Lithuania’s Ministry of Finance has published comprehensive guidelines for cryptocurrency and initial coin offerings, covering four areas including regulations, accounting, and taxation.
Ministry of Finance’s Guidelines
The Ministry of Finance of the Republic of Lithuania has published guidelines for cryptocurrency and initial coin offerings (ICOs). They are divided into four areas – regulation, taxation, accounting, and Anti-Money Laundering/ Combating the Financing of Terrorism (AML/CFT).
Although the guideline document is entitled “ICO Guidelines,” three of the four sections focus on cryptocurrency.
The Lithuanian Minister of Finance, Vilius Šapoka, clarified that the guidelines “describe only part of the aspects examined by relevant institutions, in case of discrepancy between guidelines and positions of institutions, the latter shall prevail,” adding:
We acknowledge that the brave new crypto economy world is here to stay, this is why we encourage and invite its participants to innovate and create in Lithuania.
“Organizing ICO is not regulated by specific legislation,” the finance ministry explains in the Regulatory section, adding that “taking into account different ICO models and different characteristics of tokens, in some cases, such activity may be subject to the requirements of the legislation of the Republic of Lithuania and supervision of the Bank of Lithuania.”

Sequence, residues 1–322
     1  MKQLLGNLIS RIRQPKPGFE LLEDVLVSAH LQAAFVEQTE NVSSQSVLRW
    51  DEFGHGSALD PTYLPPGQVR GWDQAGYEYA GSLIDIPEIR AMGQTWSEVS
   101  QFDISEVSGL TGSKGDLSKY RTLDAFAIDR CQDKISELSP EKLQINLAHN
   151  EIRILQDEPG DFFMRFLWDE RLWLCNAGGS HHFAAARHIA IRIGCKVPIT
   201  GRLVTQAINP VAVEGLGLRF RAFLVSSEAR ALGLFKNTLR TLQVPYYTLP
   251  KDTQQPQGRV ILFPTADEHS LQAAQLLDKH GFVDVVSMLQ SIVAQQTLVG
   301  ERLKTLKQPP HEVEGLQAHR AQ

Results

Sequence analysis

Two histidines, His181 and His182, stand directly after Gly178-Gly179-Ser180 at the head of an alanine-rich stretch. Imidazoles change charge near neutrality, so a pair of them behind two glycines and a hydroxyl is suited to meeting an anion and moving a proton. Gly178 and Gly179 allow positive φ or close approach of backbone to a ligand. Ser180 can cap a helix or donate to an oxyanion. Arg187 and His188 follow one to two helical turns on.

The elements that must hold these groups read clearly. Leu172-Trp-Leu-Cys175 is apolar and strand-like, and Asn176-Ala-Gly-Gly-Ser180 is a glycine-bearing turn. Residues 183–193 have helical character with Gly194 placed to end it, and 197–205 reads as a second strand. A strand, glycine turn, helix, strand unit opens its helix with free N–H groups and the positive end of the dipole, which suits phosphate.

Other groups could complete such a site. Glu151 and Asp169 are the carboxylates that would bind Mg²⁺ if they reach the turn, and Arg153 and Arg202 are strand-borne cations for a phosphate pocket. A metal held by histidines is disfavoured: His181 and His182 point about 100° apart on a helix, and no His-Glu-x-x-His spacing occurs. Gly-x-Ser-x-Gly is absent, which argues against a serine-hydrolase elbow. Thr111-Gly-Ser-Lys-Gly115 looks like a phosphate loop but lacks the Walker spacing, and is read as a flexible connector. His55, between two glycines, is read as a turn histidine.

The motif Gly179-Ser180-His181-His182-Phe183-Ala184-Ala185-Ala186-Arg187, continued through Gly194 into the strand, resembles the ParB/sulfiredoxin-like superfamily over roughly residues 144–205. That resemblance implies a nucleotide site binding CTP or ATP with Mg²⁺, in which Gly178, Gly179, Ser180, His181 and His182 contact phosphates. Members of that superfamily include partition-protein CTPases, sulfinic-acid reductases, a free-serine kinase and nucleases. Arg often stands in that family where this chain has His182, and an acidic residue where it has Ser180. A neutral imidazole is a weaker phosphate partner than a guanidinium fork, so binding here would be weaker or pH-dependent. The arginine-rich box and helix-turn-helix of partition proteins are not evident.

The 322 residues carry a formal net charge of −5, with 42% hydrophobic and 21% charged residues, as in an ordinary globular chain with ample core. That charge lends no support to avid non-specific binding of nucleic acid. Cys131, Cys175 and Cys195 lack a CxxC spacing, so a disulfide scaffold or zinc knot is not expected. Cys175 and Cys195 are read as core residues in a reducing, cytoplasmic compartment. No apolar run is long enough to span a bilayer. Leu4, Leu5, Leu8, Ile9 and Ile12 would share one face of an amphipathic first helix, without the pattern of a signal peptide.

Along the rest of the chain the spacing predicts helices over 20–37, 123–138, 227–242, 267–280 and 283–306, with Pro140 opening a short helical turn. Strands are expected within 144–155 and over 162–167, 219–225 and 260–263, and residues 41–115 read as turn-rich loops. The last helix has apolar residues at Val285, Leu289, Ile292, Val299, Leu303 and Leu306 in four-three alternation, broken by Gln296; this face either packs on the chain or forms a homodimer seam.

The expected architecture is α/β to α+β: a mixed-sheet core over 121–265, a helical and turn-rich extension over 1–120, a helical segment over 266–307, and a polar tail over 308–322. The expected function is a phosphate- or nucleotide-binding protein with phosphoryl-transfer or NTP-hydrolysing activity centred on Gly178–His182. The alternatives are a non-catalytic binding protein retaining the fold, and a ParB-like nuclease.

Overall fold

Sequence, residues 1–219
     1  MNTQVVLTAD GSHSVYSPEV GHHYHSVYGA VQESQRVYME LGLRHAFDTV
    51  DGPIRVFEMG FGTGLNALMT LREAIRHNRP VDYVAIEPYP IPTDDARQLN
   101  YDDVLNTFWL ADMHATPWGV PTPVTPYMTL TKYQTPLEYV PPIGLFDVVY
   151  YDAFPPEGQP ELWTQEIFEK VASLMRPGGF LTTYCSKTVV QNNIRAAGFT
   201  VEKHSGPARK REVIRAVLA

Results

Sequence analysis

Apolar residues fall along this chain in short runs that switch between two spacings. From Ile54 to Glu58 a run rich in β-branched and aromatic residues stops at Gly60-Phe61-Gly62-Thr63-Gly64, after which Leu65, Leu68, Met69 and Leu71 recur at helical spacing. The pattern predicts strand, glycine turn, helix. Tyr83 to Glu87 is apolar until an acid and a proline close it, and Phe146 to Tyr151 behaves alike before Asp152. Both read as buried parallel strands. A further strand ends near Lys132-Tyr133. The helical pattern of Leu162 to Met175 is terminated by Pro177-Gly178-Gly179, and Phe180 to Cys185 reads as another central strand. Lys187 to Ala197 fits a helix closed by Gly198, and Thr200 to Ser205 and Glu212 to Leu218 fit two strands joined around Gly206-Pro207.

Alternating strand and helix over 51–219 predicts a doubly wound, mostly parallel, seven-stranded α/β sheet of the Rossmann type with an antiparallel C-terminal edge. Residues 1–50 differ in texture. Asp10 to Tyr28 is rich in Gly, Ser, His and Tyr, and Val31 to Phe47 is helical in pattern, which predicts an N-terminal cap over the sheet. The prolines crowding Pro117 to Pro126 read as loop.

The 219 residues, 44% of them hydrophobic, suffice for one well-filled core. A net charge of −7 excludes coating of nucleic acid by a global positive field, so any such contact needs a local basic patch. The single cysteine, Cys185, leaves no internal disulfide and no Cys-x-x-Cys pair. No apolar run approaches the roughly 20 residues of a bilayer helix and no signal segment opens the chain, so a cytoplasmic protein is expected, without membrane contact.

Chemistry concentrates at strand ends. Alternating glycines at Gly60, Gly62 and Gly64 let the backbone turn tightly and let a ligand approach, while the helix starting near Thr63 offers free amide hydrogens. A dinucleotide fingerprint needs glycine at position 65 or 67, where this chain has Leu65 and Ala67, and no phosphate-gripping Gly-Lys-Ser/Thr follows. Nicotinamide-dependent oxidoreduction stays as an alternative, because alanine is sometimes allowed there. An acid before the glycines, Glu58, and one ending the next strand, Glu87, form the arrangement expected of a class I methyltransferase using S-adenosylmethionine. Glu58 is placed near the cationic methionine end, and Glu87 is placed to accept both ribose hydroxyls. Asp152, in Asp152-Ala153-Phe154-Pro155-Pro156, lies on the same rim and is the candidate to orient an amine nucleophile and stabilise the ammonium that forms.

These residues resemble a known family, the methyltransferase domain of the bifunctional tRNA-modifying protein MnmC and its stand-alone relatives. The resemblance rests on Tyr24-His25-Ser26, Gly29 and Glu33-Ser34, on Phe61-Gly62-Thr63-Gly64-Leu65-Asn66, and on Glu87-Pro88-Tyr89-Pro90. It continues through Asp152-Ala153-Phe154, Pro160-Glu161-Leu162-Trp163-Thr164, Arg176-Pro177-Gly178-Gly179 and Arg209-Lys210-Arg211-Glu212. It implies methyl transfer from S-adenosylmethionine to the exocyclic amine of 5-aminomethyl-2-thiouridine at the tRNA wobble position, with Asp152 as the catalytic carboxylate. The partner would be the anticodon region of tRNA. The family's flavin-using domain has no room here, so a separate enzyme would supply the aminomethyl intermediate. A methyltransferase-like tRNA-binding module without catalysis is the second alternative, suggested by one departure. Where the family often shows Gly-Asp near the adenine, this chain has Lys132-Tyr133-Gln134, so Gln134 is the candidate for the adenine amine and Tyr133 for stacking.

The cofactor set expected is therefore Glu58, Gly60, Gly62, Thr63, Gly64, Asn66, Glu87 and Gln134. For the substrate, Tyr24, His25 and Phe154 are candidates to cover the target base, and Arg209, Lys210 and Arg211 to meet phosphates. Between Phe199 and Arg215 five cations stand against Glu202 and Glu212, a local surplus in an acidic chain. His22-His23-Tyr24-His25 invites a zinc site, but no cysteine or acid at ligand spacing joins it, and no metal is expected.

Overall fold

Furthermore, the ministry notes that “If funds collected during ICO are intended for the formation of the capital of a newly established FMP [Financial Market Participants] – the capital formation requirements applicable to a specific form of financial institution shall apply.”
Tax Treatment of Cryptocurrency
The taxation section outlines the treatment of cryptocurrency for different tax purposes, as well as tax exemptions and deductions.
For corporate and personal income taxes, “virtual currency is recognized as current assets that can be used as a settlement instrument for goods and services or stored for sale.”
For VAT, it is “considered as the same currency as euros, dollars etc.” For other tax purposes, “other types of instrument, e.g. certain types of tokens, may be recognized as a virtual currency as well.” The document details:
Income received from individual purchases and sales of virtual currencies will be taxed standard 15% fixed income tax rate.
As for crypto mining, the finance ministry states that “When virtual currency is mined, no goods/services are usually supplied for consideration, therefore, the mining of virtual currency is not subject to VAT,” emphasizing that “the sale of such [crypto] currency in Lithuania is VAT exempt.”
Accounting and AML/CFT
The accounting section provides guidelines such as when tokens should be recorded as costs in profits and loss statements, in off-balance accounts, or accounted at fair value.
“Accounting of tokens circulated by the token promoter depends on whether they are attributed to payment, utility and securities tokens,” the finance ministry noted, adding that “Accounting of acquired tokens also depends on the type of tokens.”
The document also highlights the accounting and “evaluation of cryptocurrencies used as payment means according to Business Accounting Standards (Lithuania GAAP).”
For AML/CFT, the relevant ministries are working on the amendments to the 5th AML Directive. The finance ministry describes:
First round of amendments will concentrate on provisions relevant to virtual currency exchanges and wallet services operators, aiming at increasing transparency and clarity of regulation together with stability and security of the financial market.
What do you think of Lithuania’s guidelines for cryptocurrencies and ICOs? Let us know in the comments section below.
Images courtesy of Shutterstock and the government of Lithuania.
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